of the vessel and a negligent failure to provide the decedent with a reasonably safe place to work.*fn1 The District Court dismissed the libel, holding that a wrongful death action for unseaworthiness would not lie, and that the petitioners owed no duty of exercising ordinary care to provide the decedent a safe place to work. 141 F.Supp. 653. The Court of Appeals set aside this decree and remanded the case for further proceedings, a divided en banc court deciding that the New Jersey Wrongful Death Act embraces a claim for unseaworthiness, and also that the District Court had erred with respect to the scope of the petitioners' duty to exercise reasonable care for the decedent's safety. 252 F.2d 14. The court did not decide "what defenses, if any, might be available," leaving that question for the District Court to determine. Certiorari was granted primarily to consider the relationship of maritime and local law in cases of this kind. 357 U.S. 903.

We begin as did the Court of Appeals with the established principle of maritime law that in the absence of a statute there is no action for wrongful death. The Harrisburg, 119 U.S. 199. Although Congress has enacted legislation, notably the Jones Act*fn2 and the Death on the High Seas Act,*fn3 providing for wrongful death actions in a limited number of situations,*fn4 no federal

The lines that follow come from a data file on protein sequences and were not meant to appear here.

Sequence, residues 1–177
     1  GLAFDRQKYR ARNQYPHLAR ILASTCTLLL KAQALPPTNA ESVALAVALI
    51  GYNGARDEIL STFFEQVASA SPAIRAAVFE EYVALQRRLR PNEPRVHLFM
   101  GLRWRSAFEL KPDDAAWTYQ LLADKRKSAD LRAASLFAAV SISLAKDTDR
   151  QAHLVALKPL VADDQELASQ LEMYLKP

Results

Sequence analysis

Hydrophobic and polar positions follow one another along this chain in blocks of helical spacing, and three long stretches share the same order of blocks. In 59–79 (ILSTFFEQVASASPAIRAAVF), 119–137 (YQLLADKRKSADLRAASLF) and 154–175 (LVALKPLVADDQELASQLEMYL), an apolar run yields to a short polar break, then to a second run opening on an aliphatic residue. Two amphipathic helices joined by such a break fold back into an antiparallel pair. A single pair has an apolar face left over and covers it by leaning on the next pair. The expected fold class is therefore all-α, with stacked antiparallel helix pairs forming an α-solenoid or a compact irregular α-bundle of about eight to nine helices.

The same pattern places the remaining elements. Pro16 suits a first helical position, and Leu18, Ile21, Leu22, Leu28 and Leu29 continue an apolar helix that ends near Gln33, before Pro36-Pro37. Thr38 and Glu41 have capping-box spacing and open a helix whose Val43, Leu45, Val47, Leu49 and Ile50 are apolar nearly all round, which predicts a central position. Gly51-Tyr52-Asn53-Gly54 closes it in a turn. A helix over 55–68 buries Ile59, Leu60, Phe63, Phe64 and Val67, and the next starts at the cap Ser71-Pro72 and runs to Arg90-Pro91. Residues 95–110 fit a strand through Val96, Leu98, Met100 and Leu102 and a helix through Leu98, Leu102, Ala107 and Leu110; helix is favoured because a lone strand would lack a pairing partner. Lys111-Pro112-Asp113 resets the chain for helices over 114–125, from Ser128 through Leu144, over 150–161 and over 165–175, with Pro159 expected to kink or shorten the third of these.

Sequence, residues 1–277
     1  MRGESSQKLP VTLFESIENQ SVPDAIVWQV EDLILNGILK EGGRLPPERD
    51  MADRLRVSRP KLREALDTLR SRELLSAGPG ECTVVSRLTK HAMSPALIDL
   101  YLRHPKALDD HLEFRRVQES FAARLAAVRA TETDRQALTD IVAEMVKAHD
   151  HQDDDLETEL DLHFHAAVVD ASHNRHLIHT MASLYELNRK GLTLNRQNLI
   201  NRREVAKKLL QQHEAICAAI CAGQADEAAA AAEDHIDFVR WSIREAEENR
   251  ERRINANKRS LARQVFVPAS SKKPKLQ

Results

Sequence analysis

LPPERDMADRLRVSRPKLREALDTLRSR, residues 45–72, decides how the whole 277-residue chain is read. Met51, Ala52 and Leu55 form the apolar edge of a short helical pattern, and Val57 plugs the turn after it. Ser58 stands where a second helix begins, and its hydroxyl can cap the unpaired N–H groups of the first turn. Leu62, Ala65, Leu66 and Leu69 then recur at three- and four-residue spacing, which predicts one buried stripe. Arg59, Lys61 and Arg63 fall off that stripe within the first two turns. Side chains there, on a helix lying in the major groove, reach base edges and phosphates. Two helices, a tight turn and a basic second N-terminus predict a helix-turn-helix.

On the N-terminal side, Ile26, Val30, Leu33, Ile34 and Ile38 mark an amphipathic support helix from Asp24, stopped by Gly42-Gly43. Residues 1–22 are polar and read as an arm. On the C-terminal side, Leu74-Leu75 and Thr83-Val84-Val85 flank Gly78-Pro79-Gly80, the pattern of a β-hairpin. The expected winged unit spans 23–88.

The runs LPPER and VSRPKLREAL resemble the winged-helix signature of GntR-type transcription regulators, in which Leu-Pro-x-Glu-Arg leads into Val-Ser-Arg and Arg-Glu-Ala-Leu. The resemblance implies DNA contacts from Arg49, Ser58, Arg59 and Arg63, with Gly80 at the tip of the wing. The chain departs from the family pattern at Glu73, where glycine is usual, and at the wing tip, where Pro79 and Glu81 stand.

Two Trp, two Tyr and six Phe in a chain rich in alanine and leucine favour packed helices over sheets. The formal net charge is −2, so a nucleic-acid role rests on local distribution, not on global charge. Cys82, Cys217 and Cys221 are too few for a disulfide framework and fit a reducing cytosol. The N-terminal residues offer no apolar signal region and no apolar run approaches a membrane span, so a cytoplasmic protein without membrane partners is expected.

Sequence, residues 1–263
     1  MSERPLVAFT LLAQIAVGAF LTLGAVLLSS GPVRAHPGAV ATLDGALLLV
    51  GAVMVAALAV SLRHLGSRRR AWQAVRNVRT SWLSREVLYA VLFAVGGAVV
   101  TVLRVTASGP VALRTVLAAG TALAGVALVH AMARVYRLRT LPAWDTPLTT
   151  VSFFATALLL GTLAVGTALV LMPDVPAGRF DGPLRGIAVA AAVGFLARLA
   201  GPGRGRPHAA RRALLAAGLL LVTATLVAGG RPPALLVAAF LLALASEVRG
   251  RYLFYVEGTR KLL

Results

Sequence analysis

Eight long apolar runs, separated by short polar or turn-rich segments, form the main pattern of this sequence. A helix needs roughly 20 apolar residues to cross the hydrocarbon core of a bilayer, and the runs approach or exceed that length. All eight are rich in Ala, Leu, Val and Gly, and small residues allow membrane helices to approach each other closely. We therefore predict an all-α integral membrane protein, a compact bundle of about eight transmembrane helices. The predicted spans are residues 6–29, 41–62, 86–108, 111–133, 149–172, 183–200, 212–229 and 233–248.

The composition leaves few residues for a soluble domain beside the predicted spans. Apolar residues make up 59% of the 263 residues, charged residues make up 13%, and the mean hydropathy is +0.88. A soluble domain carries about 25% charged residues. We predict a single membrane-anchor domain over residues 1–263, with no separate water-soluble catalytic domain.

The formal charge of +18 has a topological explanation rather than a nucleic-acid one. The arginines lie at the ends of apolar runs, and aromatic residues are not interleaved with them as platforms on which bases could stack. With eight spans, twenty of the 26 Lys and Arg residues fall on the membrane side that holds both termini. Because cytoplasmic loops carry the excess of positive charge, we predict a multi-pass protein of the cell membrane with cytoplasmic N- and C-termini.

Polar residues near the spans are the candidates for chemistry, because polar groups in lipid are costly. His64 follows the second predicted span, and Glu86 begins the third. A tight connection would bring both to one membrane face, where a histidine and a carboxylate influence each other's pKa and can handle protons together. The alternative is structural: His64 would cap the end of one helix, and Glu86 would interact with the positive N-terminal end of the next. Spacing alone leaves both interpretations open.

[ 358 U.S. Page 591]

     statute is applicable to the present case; Skovgaard was not a seaman,*fn5 and his death occurred upon the territorial waters of New Jersey.*fn6 The respondent's rights in this suit depended entirely, therefore, upon the New Jersey wrongful death statute, and the long-settled doctrine that "where death . . . results from a maritime tort committed on navigable waters within a State whose statutes give a right of action on account of death by wrongful act, the admiralty courts will entertain a libel in personam for the damages sustained by those to whom such right is given." Western Fuel Co. v. Garcia, 257 U.S. 233, 242.